New grads face significant hurdles when looking for lawyer jobs. Demanding, selective and competitive are just a few ways to describe the current job market. Saturation is one big culprit. Research indicates that at the national level, the supply of new lawyers greatly outpaces the number of job openings, and that only 55 percent of the class of 2012 have full-time lawyer jobs. And then there’s personal fulfillment: How do you know which of the many legal careers is right for you?
Here’s some advice for navigating today’s tough job market and finding a satisfying legal career.
Going the traditional law-firm route
For those seeking to join a law firm after graduation, find out what specialties are hot before graduating and leaping into the job market. Almost half of lawyers polled in a recent Robert Half Legal survey predicted that litigation will experience the most growth in the first half of 2014 and the practice area is expected to remain active in the months ahead. The specific areas of litigation with the most opportunities, according to the respondents, are insurance defense (46 percent), commercial litigation (37 percent) and employment law (28 percent).
Law offices expect attorneys to take more notice of the financial side of the industry and to chime in on strategy and future initiatives. Gain some business experience by taking extra classes, looking into mentorship programs or interning at a local company. Having this background will also enable you to better serve corporate clients.
Legal careers outside of law firms
Working at a large law firm is the typical route for new grads, but alternative legal careers abound, including government, nonprofit, corporate law and mediation. Some lawyers don’t even practice law. You could go into academia (especially if you have a solid record of publishing scholarly legal articles), court administration or law-journal publishing, to name a few.
- Working as in-house counsel is a good option for grads looking to combine legal expertise and business know-how. Before hitting the corporate job market, it’s helpful to gain some experience in transactional law, regulatory law and compliance issues. In the automotive and technology sectors, foreign languages and international experience are sought-after soft skills.
- If you have an interest in policy or regulations, all levels and branches of government need law professionals to litigate civil and criminal cases, counsel lawmakers, draft statutes and regulations, enforce regulatory compliance and more. The federal government has programs for student internships and entry-level hiring programs for recent grads. The Department of Justice offers a career path that starts in law school. States and municipalities also have a need for legal counsel.
- International relations may ignite your passion, or perhaps you want to invest your energies in an important cause. Semi-governmental organizations such as the United Nations and nonprofits like Amnesty International and The Nature Conservancy often list lawyer jobs. Legal job responsibilities at these organizations include client representation, lobbying or policy work.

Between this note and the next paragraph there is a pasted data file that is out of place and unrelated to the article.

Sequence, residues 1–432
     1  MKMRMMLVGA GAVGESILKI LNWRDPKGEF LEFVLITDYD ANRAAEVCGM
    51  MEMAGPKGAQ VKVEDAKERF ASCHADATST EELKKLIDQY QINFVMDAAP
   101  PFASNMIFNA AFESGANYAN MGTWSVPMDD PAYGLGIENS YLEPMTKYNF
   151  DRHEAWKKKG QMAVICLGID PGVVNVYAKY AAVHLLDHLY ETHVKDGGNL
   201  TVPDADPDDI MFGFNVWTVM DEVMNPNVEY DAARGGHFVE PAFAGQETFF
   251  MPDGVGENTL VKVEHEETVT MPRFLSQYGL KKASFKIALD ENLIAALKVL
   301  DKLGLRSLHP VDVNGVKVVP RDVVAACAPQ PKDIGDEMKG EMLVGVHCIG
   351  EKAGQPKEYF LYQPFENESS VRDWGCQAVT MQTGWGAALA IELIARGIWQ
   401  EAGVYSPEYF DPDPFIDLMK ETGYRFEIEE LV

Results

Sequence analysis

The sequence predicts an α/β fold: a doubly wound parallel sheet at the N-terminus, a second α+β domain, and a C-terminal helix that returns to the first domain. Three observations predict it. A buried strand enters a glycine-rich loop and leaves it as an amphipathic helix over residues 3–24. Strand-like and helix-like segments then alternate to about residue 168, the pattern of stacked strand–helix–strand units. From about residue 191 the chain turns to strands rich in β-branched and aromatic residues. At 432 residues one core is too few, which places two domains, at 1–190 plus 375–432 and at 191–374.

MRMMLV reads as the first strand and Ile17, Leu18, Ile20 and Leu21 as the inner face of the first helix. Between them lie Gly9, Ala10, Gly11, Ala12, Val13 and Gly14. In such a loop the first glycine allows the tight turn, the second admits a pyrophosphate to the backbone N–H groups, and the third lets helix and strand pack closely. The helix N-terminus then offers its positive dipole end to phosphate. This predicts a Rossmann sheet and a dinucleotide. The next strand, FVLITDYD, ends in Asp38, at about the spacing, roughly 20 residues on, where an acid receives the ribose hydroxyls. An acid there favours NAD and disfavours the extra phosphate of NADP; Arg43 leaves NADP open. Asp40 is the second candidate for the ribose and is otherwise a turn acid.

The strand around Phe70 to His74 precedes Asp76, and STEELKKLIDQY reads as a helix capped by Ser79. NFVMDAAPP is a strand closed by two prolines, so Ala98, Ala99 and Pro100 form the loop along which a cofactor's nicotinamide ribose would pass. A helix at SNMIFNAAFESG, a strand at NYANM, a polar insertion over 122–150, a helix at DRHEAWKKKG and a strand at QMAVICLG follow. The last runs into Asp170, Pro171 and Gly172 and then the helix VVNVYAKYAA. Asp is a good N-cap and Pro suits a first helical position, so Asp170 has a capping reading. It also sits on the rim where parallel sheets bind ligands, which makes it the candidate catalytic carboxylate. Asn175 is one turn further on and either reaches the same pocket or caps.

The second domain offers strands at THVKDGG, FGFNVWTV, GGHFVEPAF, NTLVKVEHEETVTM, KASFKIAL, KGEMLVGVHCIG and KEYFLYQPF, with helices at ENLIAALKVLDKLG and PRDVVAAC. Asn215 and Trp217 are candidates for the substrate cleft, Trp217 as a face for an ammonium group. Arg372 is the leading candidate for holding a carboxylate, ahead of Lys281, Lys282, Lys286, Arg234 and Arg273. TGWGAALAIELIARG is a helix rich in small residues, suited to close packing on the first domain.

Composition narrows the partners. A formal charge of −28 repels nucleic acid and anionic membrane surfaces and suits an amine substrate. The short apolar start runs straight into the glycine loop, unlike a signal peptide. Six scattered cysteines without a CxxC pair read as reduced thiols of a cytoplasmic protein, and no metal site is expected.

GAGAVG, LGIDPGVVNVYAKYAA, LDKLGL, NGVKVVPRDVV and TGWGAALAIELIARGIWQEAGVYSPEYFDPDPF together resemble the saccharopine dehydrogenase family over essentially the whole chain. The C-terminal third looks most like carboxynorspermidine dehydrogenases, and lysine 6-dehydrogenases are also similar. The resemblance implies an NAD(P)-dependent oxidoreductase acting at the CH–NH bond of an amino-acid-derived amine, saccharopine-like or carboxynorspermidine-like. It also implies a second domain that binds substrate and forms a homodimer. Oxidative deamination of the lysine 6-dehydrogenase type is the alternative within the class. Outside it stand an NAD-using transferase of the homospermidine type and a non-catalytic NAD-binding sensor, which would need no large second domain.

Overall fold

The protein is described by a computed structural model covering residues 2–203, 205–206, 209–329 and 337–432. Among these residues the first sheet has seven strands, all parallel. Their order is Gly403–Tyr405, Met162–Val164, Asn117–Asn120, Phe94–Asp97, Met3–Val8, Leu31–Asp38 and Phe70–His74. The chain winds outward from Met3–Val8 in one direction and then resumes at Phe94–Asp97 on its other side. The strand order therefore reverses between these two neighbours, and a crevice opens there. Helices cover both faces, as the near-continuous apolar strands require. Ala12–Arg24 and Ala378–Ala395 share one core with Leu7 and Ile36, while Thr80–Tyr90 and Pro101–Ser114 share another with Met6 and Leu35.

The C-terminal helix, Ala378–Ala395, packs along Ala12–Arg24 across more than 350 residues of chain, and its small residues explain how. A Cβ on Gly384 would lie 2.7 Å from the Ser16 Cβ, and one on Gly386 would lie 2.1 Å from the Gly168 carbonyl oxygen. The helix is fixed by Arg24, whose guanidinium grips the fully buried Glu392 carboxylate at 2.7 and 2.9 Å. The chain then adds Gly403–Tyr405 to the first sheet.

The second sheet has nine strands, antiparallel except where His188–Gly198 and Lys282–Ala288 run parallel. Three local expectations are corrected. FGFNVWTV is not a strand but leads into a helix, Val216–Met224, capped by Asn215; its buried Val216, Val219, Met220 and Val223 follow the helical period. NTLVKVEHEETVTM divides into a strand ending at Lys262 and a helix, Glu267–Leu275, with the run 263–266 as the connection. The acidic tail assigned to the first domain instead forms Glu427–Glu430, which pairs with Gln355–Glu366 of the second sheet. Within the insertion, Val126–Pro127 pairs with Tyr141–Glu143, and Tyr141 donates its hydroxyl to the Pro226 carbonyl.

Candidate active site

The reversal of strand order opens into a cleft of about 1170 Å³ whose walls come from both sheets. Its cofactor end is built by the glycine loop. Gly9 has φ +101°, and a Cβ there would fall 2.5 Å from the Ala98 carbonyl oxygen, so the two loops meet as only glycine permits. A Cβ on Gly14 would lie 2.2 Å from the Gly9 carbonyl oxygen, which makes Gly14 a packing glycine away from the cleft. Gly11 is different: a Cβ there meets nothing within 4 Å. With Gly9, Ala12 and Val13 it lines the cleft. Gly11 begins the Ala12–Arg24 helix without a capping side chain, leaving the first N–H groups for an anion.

- Are you diplomatic, judicious and ethical? You might be a good candidate for the growing field of mediation. Increasingly, disputing parties seek resolutions and settlements outside of the courtroom to save on costs and avoid lengthy waits for trial dates. To go this route, first learn the rules and standards of conduct. Then attend training sessions and seminars and join professional organizations such as the American Arbitration Association in order to network.
Sample legal careers
If you aren’t sure what you want to do with your J.D., do some soul-searching before diving into a job search. To help you decide, seek a one- or two-year judicial clerkship, intern for a summer or do pro bono work. Contract legal work also is a good way to discover what you like and don’t like in lawyer jobs, all the while collecting a legal salary to pay the rent and start whittling down that student loan.
The collaboration between law and IT strengthens as legal software evolves. If you can take advantage of training and professional development, focus on e-discovery — an in-demand skill born of the upswing in litigation.
To find the average salary of first-year associates and in-house counsel with three or fewer years of experience, check out the Robert Half Legal 2014 Salary Guide. Despite a tough market for newly minted attorneys, you can find plum lawyer jobs, especially if you cast your net wide and in nontraditional places.
Charles A. Volkert is executive director of Robert Half Legal, a leading staffing service specializing in the placement of attorneys, paralegals, legal administrators and other legal professionals with law firms and corporate legal departments. Based in Menlo Park, Calif., Robert Half Legal has offices in major cities throughout the United States and Canada.